1 North Square, Cambridge, ON
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One day of talks, tours, and questions about public art collections and preservation of art.
Join us in Cambridge for the final chapter of The Whole Shebang: a research project (free travel from Toronto available, see full details below).
Afternoon session: 3:00 – 5:00pm*
Join us for an informal talk by writer/critic Martin de Groot (Programming and Development Coordinator, Commons Studio at The Working Centre, Kitchener) on public art collections in the Waterloo Region, their various holdings, and the history of how Cambridge Art Galleries committed to fibre art for the past 30 years. The talk is followed by a tour of The Whole Shebang: a research project in the Queen’s Square Gallery.
Evening debate: 6:30 – 8:00pm*
Are public art collections good for the public? What is the future of collecting? How do we manage issues of capacity? Join us for a broad look at key issues facing collections across public institutions and hear from guest panelists on the pros and cons of collections in the 21st century.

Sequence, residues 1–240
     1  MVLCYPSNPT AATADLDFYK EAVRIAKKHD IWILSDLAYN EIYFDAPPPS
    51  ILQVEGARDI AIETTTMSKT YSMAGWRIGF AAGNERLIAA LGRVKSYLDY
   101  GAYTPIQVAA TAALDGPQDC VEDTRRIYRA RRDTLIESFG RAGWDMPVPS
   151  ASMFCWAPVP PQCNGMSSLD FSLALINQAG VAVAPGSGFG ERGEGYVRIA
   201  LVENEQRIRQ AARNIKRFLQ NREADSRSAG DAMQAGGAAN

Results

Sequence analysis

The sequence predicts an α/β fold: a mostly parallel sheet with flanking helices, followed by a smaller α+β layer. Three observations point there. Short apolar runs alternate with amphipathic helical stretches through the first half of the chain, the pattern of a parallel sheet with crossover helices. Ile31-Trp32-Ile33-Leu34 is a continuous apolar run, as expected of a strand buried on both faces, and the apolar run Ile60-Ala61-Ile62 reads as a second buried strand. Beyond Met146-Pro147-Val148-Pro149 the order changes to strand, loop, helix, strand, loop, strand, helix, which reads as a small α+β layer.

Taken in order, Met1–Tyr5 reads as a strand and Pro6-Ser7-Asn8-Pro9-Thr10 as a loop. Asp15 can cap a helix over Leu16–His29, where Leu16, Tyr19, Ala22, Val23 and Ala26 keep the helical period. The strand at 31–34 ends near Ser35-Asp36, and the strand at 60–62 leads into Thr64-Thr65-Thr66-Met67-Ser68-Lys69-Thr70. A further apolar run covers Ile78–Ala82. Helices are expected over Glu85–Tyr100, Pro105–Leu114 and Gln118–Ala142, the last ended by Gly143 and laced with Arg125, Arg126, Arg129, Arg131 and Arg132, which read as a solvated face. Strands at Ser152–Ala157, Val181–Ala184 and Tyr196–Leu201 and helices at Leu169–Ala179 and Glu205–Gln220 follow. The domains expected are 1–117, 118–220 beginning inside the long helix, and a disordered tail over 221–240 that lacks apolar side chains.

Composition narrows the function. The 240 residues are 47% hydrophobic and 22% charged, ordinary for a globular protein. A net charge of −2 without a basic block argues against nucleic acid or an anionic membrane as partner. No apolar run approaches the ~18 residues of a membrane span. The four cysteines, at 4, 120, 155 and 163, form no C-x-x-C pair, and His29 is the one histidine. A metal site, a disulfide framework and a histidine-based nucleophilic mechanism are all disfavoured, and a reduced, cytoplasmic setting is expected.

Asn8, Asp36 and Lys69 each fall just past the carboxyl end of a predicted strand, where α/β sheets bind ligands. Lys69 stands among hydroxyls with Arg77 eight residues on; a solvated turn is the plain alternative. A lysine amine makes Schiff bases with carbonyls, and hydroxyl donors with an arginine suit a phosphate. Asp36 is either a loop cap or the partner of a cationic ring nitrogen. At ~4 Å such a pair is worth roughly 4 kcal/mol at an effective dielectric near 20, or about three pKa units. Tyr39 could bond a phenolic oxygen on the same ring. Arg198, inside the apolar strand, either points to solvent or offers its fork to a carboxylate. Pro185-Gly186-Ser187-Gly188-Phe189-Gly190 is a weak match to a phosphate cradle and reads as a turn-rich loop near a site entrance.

Jaime Angelopoulos, Artist (Toronto, ON)
Laura Carusi, Curatorial and Collections Coordinator, Art Gallery of Mississauga (Mississauga, ON)
Caitlin Sutherland, Programming Director, Hamilton Artists Inc. (Hamilton, ON)
Alison Cooley, Curatorial Assistant/Collections Archivist, Blackwood Gallery (Mississauga, ON)
*Both sessions are free to attend, but registration is required as seating is limited.
Free Bus from Toronto
Take advantage of a free ride to Cambridge and back!
Bus departs from OCADU (100 McCaul Street) at 1:15pm, and will leave from Cambridge to Toronto at 8:00pm sharp.
Bus seats are reserved separately from event registration and are are limited. Please reserve in advance cfawcett [at] ideaexchange.org